This short story was written for Dan Antion’s (No Facilities) Thursday Doors Writing Challenge. It was inspired by a painted door I saw at a local artists’ village. A little warning, this story is a bit darker than the other ones I’ve shared.
Under the Rainbow
Dorothy shifted uncomfortably in her hard plastic chair. The air in the room was stale, smelling of early morning coffee breath. She looked down at her watch and was irritated to find that she still had 15 minutes left of this slow death.
Edmond, the insufferable little English prig was droning on and on about his brother and sisters, a closet (or, as he called it, a “wardrobe”), and some people who were turned into stone. We all have problems, Dorothy thought, why should I care about yours? She was about to fake a heart attack just to get out of there when Edmond said something about a lion and a witch. What the heck? Had he been there too?
When the group leader ended the session with his usual feel good, namaste BS, Dorothy made a beeline for the door. As soon as she stepped outside, she lit her fourth cigarette of the day and inhaled the fumes as if they gave her life. Scanning her surroundings, she felt as flat, dusty, and depressed as the landscape. “I flipping hate Kansas” she mumbled under her breath.
“What’s that?” Damn, it was that new girl. Pretty, blonde, and another English accent. “What did you think of the session?” Miss Priss asked smiling.
“I’ve been coming for three years and still haven’t gotten anything out of it,” Dorothy answered, hoping to cut the conversation short.
“Alice, my name is Alice,” Miss Priss said, extending her hand. “I feel like I’ve been chasing down rabbit holes my whole life and would really like to stop. I hope these meetings can fix me.”
“All of us are here for the same thing but I’m starting to wonder why we would want to leave those other worlds and exist permanently in this one,” Dorothy replied. “They might have contained dark magic and evil forces, but at least they were interesting.”
“You’re right,” Alice replied. “It wasn’t all Red Queens and madness. I had some opportunities for personal growth too.”
“Well, good luck,” Dorothy offered as she stubbed out her cigarette on the side of the building. “I hope you find what you need. I think this will be the last Rentering Reality support group I’ll attend.” Dorothy walked away without a backward glance.
As she headed home, she thought about her sad, miserable life and how everyone she loved was now gone. First, Auntie Em wasted away from cancer, then Uncle Henry drowned in bottles of cheap gin. Toto One—her only witness to her adventure—was dead. Even Toto Two had the good sense to run away and never come back. Why bother sticking around this god-forsaken place? she asked herself. Why exist in a black and white world when you can live in color?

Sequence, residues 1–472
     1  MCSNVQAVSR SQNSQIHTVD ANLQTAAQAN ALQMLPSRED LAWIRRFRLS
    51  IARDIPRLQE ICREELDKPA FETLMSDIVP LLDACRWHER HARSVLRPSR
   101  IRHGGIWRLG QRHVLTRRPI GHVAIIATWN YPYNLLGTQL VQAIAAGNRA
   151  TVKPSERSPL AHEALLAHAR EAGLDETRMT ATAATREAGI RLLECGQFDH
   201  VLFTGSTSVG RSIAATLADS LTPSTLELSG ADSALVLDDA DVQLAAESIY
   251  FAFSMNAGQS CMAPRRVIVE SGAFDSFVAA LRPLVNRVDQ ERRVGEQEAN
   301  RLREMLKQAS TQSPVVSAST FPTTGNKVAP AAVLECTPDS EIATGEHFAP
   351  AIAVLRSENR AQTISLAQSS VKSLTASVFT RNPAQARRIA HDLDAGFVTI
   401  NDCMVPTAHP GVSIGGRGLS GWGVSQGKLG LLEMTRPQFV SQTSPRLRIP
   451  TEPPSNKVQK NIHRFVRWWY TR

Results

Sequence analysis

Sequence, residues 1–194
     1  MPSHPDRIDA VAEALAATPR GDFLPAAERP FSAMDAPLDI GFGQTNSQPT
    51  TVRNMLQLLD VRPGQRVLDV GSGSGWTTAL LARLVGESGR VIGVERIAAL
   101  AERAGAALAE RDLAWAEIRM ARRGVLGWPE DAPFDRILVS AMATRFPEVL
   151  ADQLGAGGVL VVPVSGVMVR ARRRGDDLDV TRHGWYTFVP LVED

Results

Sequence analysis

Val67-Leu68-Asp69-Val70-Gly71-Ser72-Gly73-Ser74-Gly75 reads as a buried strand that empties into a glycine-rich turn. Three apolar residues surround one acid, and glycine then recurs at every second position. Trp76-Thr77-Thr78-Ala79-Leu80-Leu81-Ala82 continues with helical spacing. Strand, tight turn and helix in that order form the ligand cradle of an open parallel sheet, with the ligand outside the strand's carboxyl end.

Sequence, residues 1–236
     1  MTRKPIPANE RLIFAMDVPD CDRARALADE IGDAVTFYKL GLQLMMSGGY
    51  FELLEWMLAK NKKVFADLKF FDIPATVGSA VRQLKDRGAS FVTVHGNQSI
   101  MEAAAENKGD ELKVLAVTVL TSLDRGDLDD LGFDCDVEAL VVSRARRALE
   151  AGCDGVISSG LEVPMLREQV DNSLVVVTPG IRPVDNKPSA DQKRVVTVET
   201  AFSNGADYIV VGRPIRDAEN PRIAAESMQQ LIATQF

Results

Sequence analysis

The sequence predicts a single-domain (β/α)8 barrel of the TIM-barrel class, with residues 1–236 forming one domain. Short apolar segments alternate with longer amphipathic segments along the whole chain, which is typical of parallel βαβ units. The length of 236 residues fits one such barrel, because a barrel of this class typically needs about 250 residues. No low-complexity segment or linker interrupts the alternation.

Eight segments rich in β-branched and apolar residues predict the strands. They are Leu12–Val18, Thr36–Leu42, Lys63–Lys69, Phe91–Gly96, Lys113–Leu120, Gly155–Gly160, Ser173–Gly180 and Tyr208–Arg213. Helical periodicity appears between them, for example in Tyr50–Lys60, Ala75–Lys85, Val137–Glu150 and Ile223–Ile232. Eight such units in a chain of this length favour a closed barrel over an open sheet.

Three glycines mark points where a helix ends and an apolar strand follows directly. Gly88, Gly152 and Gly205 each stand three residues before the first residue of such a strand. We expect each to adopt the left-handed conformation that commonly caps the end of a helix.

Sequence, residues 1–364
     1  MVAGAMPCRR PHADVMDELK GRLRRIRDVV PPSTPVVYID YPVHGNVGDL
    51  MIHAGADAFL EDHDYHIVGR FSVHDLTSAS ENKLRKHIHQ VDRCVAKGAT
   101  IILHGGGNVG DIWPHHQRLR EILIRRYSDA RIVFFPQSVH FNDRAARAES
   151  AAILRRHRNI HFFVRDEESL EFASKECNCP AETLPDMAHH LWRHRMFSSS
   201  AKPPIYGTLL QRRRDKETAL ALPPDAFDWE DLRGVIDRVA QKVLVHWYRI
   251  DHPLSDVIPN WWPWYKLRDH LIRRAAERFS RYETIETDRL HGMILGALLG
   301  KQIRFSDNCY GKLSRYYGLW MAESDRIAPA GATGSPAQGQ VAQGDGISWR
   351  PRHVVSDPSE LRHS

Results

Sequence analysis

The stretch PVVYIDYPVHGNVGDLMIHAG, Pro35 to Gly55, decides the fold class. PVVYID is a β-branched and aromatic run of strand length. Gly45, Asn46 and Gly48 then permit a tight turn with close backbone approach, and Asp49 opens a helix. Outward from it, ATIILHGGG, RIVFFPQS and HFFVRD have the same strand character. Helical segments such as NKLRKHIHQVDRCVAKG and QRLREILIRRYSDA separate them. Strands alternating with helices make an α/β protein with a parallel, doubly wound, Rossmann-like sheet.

Approaching her house, Dorothy fully grasped the property’s decay for the first time. The garden, once Auntie Em’s pride and joy, was covered in weeds. The barn and livestock pens—where the terrifying pigs had been kept—were almost as flattened as the Kansas topography. Her house was headed in that direction too; missing roof shingles, rotted siding, and dangerously uneven front steps. The sudden wash of guilt Dorothy felt nearly brought her to her knees.
Once inside, Dorothy knew exactly what she needed to do. Before she could change her mind, she headed for the cellar. As she descended the steps into darkness, she could see a faint red glow in the corner.
The ruby slippers were waiting for her, just as they had been for many years. Dorothy carefully put them on, not surprised at all that they fit perfectly, despite her shoe size changing over time. Looking down at her feet, Dorothy started to click her heels together: one… two… three…
“There’s no place like Oz, there’s no place like Oz, there’s no place like Oz.”
Don’t forget to check out the other submissions for the Thursday Doors Writing Challenge and – who knows? – maybe you’ll be inspired to add one of your own.
116 thoughts on “Thursday Doors Writing Challenge– Under the Rainbow”
This is the first short story written by you that I’ve read, Janis. And I’m very impressed. It was so engaging and kept me reading. You certainly wrote what I would call an ‘out of the box’ story. Totally unexpected from the characters you included, but rather fun too.
I love how she made the journey back to Oz, and that the shoes still fitted her despite her feet having got bigger.
Thanks for your kind comment, Hugh. I loved reimagining Dorothy and the other characters from books I read – and loved – as a child. I guess if magical shoes can transport us to and from Oz, they can adjust their size over the years 🙂
Absolutly, Janis. I don’t think I’ve heard of magic shoes, but I love the fact that the owner can never outgrow them.
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